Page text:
Pelikan Puzzles Pack Elegance and Deception

In his book, The Playful Brain, author and neuroscientist Richard Restak explores the link between puzzle-solving and improved mental dexterity. “Whether we’re trying to solve a word puzzle, Sudoku, or a Rubik’s Cube,” he writes, “the task is the same: To see relationships and then manipulate them.” But ask any puzzler and they might tell you that mental dexterity is second to the satisfaction of conquering a challenge.

For some, this challenge begins with a packing puzzle, a type of interlocking sculpture made from wood, metal, or plastic. Often solved by trial and error, the goal is to disassemble the pack and put it back together again. Frustration is part of the appeal, and most end up craving the endorphin rush felt after the first victory. Many enthusiasts probably wind up at Pelikan in the quest for more complex and challenging packs.

Based in the Czech Republic, Pelikan is known as the Rolls-Royce of packing puzzles. Their three-dimensional wonders are made from various woods, including beech, birch, cherry, and walnut, each segment meticulously crafted, cut, and varnished. The company was reinvented in 2005, aiming to please puzzle enthusiasts around the globe with new designs and concepts.

Colliding Galaxies

Colliding Galaxies Puzzle

Pelikan puzzles are deceptive in their perplexity, sitting on shelves or coffee tables as an impressive objet d’art. And sometimes, the name of a puzzle will hint at a solution. In “Colliding Galaxies,” for example, four dark-brown wenge wood pieces must be packed into a 2.4-inch cubed box made of light cherry. Four pieces may not seem like much, but design subtleties require gravity for precise positioning. Master this task, and you might feel a little like you’ve accomplished something on the scale of, well, colliding galaxies.

Packing Puzzle Design

For some, such puzzle mastery evolves into the temptation to design one. That’s the case with Alexander Magyarics of Slovakia, one of Pelikan’s creative minds and the designer of “Colliding Galaxies.” “After about six years of collecting, I thought it was time to try to come up with my own designs,” he says. “When I had about 50 different designs ready, I said to myself, ‘Why not offer them directly to the best manufacturers in the world?’ I approached three different craftsmen, including the Pelikan team. To my surprise, they liked my work.”

Mouse Hole Puzzle

Mouse Hole Puzzle

His first puzzle for Pelikan was “Wishing Well and Pincers,” a level-eight model (i.e., demanding) shaped like a wishing well. He’s moved on since then, producing the popular “Mouse Hole” and “L6,” among others.

Packing puzzles—unlike standard jigsaw or mechanical puzzles—help inform your spatial awareness. “Most often, I deal with the complexity of my new puzzles,” Magyarics says, “how to create it so there are challenges for more experienced solvers and at the same time kids could also play with it. … It can’t always be combined in one design, but if it works, it’s great.”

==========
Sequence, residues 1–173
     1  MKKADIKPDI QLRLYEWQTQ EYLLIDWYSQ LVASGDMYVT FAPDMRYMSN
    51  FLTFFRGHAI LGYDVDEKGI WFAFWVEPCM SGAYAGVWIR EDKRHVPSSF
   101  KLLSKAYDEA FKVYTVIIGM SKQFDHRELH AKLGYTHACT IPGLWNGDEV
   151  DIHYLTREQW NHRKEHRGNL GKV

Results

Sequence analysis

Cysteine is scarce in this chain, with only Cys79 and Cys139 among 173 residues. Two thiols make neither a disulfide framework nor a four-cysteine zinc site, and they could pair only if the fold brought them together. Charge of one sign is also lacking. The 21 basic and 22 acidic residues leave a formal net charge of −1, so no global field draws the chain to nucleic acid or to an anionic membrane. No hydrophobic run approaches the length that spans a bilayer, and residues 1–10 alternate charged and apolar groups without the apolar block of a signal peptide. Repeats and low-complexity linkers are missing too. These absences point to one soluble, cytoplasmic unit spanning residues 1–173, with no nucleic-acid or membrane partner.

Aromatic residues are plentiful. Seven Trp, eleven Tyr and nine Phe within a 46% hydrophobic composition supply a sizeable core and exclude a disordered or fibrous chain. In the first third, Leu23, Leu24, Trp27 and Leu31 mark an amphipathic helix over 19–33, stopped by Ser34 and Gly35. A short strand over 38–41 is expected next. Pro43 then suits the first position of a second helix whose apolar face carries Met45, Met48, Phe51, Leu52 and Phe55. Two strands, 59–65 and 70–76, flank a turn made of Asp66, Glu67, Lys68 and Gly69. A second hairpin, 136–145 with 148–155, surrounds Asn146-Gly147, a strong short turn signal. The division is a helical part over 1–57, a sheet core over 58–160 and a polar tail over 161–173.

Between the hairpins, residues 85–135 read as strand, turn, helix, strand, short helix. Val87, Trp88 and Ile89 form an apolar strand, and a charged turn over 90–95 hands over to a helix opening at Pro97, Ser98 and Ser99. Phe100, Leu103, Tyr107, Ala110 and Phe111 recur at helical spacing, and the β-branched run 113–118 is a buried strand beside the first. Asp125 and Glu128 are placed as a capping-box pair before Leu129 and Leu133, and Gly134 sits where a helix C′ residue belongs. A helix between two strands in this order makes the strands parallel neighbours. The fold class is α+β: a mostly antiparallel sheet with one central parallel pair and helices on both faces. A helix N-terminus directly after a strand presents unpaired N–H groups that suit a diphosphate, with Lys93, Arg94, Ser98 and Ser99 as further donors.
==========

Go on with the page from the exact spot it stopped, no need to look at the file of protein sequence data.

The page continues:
Magyarics is known for designing 3D packing puzzles with restricted openings, as seen in “The Rattlesnake.” Here, players use logical steps toward the solution instead of random trial and error. “The world around me is full of inspiration, I often use natural motifs—animals, plants, lightning,” he says.

A 19th-Century Puzzle Ball

A 19-century carved ivory puzzle ball from the Rijksmuseum collection

In that way, he’s adding to annals of interlocking puzzles as many designers have in the past. The puzzle balls and mystery balls of China are one example. These heavy spheres, usually made from ivory, consist of many intricately carved layers. Turn the ball in your hands to find a hole allowing you to move one the smaller spheres inside. You can only wonder how they fit together so perfectly.

Magyarics is much like an artist in the way he works, sketching designs before turning to software and, when necessary, permitting ideas to incubate. “For example,” he says, “I could not finish a design to a state where I would be satisfied with it. So I put it aside, and sometimes after a few months—even after more than a year—I returned to it and had it done in a few hours.” But the road from conception to completion isn’t alway long, he explains. “Sometimes it goes almost by itself—the design of ‘She Loves Me She Loves Me Not’ was finished in about 15 minutes.”

Looking forward, he plans to keep on designing for Pelikan and others with the hope of making the world a little happier and healthier. “Please, go out and play with your kids, parents, grandparents, friends,” he says. “With or without puzzles—just don’t forget to play!”

Learn more about Pelikan packing puzzles and Magyarics’ work here.

Words by Anne-Marie Yerks